Tonight’s poem is from another not-a-poet-for-her-day-job, Cindy Clayton. She is a good friend of mine, and she always loves to participate in whatever call for poetry I have her on my blog, and I love it when she does, because her poems are so much fun. I especially like the way her poem just strolls around, all natural-like, and then — bazinga! — really gets you at the end.
What I learned from mythology:
Never direct insults at those with terrible powers
and vengeful natures.
If you wish to be deathless,
you must also wish to be ageless.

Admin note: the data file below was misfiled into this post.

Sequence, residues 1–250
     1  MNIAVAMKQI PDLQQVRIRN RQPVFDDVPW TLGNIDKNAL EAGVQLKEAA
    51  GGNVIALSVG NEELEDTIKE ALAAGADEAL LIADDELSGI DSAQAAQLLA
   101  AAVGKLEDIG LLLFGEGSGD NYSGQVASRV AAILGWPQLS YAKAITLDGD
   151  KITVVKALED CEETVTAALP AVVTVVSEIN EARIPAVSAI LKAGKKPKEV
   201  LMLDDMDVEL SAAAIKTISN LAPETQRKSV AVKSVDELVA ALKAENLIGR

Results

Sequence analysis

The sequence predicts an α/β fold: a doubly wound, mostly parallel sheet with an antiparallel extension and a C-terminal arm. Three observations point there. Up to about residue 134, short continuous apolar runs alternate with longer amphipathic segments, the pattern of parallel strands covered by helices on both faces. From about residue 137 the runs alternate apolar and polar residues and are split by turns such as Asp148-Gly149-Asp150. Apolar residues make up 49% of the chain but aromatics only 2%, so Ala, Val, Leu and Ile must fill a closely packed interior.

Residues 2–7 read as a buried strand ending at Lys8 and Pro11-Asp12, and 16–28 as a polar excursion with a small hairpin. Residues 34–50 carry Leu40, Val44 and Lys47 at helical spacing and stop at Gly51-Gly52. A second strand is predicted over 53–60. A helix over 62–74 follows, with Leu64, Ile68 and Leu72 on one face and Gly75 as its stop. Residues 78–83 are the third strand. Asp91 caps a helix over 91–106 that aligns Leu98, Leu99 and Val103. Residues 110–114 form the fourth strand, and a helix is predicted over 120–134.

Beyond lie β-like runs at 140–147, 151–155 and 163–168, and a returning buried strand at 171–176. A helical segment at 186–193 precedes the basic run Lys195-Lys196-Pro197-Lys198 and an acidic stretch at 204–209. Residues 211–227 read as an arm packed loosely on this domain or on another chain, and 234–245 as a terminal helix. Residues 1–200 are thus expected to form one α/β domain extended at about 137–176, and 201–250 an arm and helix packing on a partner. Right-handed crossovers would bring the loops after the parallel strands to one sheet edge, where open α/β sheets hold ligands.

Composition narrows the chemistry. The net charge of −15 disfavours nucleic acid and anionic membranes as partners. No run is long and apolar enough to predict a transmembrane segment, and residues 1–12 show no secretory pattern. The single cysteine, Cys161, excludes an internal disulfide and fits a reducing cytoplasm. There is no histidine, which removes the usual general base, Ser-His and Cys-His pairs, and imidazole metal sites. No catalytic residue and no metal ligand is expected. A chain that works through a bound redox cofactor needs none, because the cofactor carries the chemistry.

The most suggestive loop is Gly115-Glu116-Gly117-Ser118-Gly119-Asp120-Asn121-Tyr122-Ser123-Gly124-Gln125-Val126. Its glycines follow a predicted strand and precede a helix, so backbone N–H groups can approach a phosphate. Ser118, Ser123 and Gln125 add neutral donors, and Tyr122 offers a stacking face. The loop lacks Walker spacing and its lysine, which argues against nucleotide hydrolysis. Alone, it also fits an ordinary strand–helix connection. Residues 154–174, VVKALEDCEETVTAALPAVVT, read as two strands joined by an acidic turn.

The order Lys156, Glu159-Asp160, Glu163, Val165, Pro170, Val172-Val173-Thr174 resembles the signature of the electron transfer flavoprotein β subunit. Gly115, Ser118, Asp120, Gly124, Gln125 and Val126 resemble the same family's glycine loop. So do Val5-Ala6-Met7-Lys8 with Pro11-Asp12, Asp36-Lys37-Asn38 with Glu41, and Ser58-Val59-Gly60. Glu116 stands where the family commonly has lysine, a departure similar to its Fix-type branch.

Lie low, pretty young women,
lest someone from the pantheon claim you
and proceed with all manner of indignities.
If you need to do something that’s impossible,
get a god to sponsor your endeavor
and you may just have a chance.
No defensive mechanism exists which can’t be beaten
with a little ingenuity.
Should you happen to spot a goddess in the altogether,
turn quickly away
and just keep walking.
Metamorphosis is forever, so think twice—
unless you’re a god,
in which case the sky’s the limit.
But usually, a simple disguise will serve
when you’re in a tight spot.
And if your story is utterly tragic, or impressively heroic,
or you manage to please the right deity,
You could end up among the stars.